Alright, I’m exaggerating. Some of the thousand women who filled to capacity the largest auditorium at the Jerusalem Theater on the first Monday night in January wore tichels or snoods. And then there were the unmarried women, and the girls below marriageable age. But it’s no exaggeration to say that almost everyone in the “ladies and girls only” audience who’d come to watch “Siam and I,” this year’s offering from Regal Productions, was already, or hoped one day to be, covering her hair.

Regal Productions, based in Ramat Beit Shemesh, was founded by Chayalle Regal of Golders Green as musical theater company for (mainly Anglo) Haredi women and girls. Everyone involved, from the ticket sellers through the set designers to the stars, is Haredi and female. Men and boys may not participate or even attend performances, which may explain why you haven’t seen it advertised. Profits go to Zir Chemed, a charity that supports couples dealing with infertility.

If an image is forming in your mind about what these shows are like, banish it! I’ve been to enough Broadway and West End shows to know that this was no pale imitation. The sets, costumes and lighting were breathtaking. The actresses, singers, dancers and gymnasts — yes, the dancing was high-octane — were stellar. Broadway and West End musicals can seem, at least to me, a little slick and plastic. “Siam and I” — in more ways than one had — soul.

What makes all this beyond impressive is that most of the women involved have never been to a musical theater production in their lives (that goes for many women in the audience too, though one of our party of seven had seen Les Mis in New York).  How does Regal Productions manage to pull it off?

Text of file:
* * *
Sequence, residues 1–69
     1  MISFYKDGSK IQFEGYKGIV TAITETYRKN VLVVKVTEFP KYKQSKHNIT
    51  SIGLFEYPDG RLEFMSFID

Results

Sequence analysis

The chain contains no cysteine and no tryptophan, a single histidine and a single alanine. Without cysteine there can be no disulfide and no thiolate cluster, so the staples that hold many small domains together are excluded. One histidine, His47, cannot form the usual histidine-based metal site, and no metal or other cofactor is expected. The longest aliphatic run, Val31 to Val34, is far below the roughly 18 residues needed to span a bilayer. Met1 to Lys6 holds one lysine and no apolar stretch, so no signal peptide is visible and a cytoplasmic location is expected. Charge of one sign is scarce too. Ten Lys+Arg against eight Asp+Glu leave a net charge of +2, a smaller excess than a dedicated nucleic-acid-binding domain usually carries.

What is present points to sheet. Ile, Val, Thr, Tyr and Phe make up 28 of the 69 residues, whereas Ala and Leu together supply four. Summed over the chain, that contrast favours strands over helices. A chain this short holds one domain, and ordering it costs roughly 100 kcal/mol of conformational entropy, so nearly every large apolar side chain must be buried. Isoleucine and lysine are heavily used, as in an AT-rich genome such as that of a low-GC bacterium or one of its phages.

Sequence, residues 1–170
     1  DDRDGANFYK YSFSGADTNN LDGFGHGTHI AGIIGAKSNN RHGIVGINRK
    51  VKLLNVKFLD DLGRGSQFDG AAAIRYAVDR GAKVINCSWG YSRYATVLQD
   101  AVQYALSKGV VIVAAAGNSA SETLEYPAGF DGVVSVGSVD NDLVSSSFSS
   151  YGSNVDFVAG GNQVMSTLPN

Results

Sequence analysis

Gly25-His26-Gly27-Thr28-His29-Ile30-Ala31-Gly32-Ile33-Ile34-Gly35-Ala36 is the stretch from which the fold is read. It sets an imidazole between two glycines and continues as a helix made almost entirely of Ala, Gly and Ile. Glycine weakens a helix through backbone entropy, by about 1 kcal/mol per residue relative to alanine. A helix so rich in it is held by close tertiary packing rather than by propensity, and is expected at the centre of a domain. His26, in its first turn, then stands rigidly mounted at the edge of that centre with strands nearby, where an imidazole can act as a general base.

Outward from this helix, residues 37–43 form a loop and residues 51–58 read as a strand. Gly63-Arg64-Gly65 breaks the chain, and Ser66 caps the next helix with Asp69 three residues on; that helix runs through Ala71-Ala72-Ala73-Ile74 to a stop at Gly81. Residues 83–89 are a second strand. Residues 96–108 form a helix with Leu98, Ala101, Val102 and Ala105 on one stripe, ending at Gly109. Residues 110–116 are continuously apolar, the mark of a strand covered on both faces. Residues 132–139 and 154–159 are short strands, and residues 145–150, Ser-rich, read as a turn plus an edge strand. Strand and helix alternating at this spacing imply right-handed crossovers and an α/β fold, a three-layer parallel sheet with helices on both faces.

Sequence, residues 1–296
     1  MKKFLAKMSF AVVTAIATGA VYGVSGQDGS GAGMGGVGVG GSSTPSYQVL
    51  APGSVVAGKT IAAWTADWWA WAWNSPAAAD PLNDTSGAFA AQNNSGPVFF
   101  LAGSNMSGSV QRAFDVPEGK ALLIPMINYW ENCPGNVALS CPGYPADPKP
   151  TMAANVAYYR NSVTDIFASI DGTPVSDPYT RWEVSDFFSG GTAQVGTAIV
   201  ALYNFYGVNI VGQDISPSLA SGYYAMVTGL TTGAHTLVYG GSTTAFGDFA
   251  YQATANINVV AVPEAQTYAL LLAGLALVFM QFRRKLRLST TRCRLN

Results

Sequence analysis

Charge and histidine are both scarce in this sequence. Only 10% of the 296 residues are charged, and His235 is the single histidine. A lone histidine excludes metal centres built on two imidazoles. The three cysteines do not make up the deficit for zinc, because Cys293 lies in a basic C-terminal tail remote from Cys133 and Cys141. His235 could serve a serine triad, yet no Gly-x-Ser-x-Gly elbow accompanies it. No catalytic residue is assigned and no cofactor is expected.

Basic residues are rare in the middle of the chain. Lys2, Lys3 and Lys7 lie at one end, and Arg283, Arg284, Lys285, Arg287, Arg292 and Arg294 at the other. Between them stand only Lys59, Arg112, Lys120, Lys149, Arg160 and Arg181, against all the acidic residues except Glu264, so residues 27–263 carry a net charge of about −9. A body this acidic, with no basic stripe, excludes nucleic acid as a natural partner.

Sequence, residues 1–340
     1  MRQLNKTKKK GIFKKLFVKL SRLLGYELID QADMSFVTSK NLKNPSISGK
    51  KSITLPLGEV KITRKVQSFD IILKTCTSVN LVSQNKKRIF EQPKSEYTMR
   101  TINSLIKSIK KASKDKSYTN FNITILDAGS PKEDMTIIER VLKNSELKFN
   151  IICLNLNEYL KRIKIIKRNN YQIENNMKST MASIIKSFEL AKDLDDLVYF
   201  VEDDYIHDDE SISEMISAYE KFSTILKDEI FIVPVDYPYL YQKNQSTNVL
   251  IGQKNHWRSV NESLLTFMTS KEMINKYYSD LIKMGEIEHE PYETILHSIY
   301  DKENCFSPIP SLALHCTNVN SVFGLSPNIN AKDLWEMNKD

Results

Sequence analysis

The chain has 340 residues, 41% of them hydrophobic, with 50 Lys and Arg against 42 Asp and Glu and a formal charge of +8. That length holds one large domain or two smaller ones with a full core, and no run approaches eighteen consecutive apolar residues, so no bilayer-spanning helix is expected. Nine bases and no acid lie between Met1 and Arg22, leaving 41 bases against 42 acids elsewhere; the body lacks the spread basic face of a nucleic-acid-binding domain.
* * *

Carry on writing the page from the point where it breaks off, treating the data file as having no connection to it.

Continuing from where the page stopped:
To an extent, they depend on baalei teshuva, the newly religious. Some cast and crew members started their lives outside the Haredi world and “returned” to ultra-Orthodox Judaism, bringing with them skills and professional experience they would not otherwise have acquired. Haredi women born and bred don’t, as a rule, have opportunities to act, dance and sing sufficient to justify the expense of serious lessons. More than that, the very notion of performance sits uneasily with the sense of female modesty so highly valued by Haredim. Excluding men addresses the main problem, but it probably wouldn’t satisfy the generally stricter Israeli-born Haredi community.

Even if baalei teshuva help to set the goal-posts for Regal Productions, their astoundingly high standards owe more to boundless imagination, creativity, innate talent, enthusiasm and a massive amount of very hard work. We speculated during the interval that rehearsals for next year’s show would begin the minute the cast party ended, a bit like banging the first nail into the sukkah at the end of Yom Kippur. In the meantime, they’ll be taking the show on the road. London and Antwerp are regular destinations; to cut down on expenses, cast members and crew apparently divide up the set and costumes between them and carry it in their luggage.

The musical itself has a complex genealogy. It began with a memoir written by Anna Leonowens, a woman of Anglo-Indian descent who pretended to be the Welsh widow of a British army officer and served as a governess to the children of the King of Siam in the 1860s. The memoir inspired a novel, “Anna and the King of Siam,” published in 1944 by Margaret Landon. The novel in turn inspired theatrical business manager Fannie Holtzmann, in search of a role for her star, Gertrude Lawrence, to convince Richard Rodgers and Oscar Hammerstein II to write the musical that became the award-winning “The King and I.” Several film versions of the musical followed, plus “Anna and the King,” a film based on the 1944 novel.

Unsurprisingly, Hollywood played up the romance in its versions of “The King and I.” Equally unsurprisingly, the Regal Productions version played it down, preferring instead to bring some Haredi hashkafa (religious outlook) to the proceedings. Here are three examples.